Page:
(FM) (here the frequency of the carrier signal is varied in accordance with the instantaneous amplitude of the modulating signal) ** Phase modulation (PM) (here the phase shift of the carrier signal is varied in accordance with the instantaneous amplitude of the modulating signal) ** Transpositional Modulation (TM), in which the waveform inflection is modified resulting in a signal where each quarter cycle is transposed in the modulation process. TM is a pseudo-analog modulation (AM). Where an AM carrier also carries a phase variable phase f(ǿ). TM is f(AM,ǿ)

# Digital modulation methods

In digital modulation, an analog carrier signal is modulated by a discrete signal. Digital modulation methods can be considered as digital-to-analog conversion and the corresponding demodulation or detection as analog-to-digital conversion. The changes in the carrier signal are chosen from a finite number of M alternative symbols (the ''modulation alphabet'').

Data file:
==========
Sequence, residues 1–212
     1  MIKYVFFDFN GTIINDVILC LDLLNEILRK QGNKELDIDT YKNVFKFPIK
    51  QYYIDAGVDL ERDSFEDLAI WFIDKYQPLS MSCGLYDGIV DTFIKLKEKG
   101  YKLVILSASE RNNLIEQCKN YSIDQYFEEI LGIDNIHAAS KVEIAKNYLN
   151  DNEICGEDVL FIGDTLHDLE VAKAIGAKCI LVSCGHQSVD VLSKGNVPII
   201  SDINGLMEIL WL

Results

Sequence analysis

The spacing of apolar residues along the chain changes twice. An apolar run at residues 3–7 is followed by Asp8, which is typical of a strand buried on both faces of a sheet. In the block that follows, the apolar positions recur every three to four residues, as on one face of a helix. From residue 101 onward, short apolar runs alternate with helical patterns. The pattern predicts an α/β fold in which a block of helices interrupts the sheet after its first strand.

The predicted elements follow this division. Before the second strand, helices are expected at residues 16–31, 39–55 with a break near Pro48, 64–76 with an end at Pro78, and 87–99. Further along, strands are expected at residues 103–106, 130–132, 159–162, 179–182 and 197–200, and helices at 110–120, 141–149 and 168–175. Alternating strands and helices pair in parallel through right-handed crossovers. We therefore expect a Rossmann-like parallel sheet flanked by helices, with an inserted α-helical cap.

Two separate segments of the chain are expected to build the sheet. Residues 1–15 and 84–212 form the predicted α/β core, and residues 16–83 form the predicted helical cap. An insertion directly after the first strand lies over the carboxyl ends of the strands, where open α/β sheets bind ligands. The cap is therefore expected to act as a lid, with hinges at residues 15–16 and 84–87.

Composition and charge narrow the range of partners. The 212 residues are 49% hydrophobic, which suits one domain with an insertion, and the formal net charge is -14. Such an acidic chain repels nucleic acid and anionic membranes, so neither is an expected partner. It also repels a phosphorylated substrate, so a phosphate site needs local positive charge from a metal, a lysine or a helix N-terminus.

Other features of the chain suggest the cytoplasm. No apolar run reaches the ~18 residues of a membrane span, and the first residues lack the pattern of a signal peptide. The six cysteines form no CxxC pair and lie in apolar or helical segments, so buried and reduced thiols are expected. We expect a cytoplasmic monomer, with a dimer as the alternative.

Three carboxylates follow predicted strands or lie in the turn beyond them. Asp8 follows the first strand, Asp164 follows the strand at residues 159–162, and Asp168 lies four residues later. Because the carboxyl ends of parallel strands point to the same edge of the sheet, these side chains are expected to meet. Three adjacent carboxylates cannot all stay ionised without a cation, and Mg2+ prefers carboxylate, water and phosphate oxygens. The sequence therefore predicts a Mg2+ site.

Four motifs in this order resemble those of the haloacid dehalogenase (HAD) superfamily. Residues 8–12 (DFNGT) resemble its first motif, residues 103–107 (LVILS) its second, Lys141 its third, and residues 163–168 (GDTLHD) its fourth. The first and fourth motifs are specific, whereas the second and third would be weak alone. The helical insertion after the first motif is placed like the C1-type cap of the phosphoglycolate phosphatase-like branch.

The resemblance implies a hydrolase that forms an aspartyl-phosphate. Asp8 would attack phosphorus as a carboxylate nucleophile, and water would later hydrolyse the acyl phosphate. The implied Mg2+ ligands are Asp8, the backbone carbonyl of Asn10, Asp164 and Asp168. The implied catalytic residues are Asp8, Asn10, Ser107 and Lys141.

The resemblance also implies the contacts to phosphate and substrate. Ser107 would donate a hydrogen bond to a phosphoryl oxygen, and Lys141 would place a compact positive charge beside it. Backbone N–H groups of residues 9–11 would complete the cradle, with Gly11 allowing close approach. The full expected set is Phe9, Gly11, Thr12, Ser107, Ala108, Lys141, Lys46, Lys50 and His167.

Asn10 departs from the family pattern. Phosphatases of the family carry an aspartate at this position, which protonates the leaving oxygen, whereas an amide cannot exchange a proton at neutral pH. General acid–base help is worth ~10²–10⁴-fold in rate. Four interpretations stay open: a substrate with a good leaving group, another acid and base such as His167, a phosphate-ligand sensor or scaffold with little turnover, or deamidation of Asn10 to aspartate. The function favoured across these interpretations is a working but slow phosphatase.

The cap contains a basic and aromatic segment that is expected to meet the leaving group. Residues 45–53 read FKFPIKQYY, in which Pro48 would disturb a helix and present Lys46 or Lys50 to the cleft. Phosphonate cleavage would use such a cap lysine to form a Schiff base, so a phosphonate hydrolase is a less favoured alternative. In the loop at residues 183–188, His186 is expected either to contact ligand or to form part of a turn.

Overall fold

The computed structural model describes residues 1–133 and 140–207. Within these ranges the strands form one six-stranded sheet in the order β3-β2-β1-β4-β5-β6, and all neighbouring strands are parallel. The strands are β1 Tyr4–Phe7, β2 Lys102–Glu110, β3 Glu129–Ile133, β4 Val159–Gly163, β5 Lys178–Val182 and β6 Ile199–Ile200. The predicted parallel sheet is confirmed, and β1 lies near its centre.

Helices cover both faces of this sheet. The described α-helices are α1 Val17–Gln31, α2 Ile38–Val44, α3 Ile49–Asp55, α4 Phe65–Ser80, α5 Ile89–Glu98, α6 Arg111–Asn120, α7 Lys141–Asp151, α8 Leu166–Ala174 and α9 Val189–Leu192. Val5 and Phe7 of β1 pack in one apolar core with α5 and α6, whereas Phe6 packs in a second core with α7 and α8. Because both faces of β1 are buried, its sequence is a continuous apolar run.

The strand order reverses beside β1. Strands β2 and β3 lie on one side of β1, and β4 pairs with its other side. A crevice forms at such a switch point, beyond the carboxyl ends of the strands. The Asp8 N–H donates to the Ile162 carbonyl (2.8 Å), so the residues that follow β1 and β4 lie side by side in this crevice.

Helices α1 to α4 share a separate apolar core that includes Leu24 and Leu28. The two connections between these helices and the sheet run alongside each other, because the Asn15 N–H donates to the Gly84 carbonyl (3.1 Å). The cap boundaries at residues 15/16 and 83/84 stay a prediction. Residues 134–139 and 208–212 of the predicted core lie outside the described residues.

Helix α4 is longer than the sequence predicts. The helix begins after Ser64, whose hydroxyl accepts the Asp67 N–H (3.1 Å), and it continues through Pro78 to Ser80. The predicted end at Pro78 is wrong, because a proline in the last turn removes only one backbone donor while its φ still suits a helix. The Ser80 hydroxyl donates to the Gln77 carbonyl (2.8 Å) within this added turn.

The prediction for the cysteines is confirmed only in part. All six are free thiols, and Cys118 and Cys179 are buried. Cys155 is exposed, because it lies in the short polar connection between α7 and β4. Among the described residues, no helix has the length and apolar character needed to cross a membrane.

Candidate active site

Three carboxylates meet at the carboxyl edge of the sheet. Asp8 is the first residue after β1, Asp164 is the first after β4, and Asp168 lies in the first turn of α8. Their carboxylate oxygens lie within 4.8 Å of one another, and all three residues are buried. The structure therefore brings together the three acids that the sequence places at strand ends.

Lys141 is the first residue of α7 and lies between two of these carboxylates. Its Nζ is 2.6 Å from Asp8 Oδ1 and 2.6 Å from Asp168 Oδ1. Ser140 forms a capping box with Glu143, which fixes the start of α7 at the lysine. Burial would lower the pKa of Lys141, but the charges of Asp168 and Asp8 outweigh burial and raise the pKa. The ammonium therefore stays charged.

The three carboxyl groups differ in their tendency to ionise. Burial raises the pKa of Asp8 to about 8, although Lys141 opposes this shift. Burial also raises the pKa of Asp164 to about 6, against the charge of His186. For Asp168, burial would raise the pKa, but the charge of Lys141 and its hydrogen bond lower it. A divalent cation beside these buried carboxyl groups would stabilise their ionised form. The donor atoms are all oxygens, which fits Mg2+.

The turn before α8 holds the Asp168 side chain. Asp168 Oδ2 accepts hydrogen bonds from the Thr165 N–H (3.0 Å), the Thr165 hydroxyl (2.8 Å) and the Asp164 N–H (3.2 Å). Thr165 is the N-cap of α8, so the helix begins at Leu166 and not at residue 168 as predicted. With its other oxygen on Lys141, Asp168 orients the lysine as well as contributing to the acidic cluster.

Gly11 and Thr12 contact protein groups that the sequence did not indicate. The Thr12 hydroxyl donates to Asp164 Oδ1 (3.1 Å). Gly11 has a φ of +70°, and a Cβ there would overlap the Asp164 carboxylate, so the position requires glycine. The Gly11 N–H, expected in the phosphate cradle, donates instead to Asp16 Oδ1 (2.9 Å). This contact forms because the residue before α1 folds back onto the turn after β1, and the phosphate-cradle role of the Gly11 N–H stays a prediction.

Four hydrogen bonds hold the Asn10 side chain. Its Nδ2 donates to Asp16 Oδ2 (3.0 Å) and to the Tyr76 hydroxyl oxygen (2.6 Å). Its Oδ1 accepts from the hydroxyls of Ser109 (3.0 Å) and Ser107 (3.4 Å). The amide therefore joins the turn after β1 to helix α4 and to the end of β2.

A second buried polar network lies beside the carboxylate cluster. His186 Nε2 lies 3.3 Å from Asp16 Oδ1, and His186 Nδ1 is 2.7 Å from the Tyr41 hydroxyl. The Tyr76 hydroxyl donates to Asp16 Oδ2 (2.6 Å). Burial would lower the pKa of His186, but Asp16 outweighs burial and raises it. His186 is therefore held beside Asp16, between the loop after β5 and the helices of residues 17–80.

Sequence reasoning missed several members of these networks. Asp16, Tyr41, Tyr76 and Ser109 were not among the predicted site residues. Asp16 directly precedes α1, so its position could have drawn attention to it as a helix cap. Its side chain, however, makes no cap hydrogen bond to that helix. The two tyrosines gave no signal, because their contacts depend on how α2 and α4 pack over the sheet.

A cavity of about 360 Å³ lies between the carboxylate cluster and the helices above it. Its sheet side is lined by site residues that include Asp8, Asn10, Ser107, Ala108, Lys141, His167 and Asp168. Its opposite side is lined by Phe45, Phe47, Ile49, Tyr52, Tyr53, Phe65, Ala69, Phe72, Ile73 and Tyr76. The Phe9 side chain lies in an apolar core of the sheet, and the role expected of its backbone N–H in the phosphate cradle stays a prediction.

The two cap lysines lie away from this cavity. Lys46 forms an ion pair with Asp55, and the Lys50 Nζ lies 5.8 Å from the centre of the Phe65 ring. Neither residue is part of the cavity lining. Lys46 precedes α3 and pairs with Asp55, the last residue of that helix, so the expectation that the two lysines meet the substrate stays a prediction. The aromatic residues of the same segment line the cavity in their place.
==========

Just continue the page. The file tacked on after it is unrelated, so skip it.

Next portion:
A simple example: A telephone line is designed for transferring audible sounds, for example, tones, and not digital bits (zeros and ones). Computers may, however, communicate over a telephone line by means of modems, which are representing the digital bits by tones, called symbols. If there are four alternative symbols (corresponding to a musical instrument that can generate four different tones, one at a time), the first symbol may represent the bit sequence 00, the second 01, the third 10 and the fourth 11. If the modem plays a melody consisting of 1000 tones per second, the symbol rate is 1000 symbols/second, or 1000 baud. Since each tone (i.e., symbol) represents a message consisting of two digital bits in this example, the bit rate is twice the symbol rate, i.e. 2000 bits per second.
According to one definition of digital signal, the modulated signal is a digital signal. According to another definition, the modulation is a form of digital-to-analog conversion. Most textbooks would consider digital modulation schemes as a form of digital transmission, synonymous to